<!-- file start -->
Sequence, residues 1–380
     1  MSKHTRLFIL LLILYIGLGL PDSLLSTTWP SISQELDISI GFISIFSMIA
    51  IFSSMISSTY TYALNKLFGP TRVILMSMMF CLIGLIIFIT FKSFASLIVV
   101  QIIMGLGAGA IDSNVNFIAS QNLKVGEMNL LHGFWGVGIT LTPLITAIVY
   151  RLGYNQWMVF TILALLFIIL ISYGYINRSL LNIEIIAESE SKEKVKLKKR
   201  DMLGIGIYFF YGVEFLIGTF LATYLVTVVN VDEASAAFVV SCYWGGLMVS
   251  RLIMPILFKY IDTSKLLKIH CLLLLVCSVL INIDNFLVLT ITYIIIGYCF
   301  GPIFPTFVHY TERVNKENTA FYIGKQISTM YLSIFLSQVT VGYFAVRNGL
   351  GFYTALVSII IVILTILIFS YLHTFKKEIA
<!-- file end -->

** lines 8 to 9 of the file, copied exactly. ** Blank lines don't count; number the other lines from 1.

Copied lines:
   301  GPIFPTFVHY TERVNKENTA FYIGKQISTM YLSIFLSQVT VGYFAVRNGL
   351  GFYTALVSII IVILTILIFS YLHTFKKEIA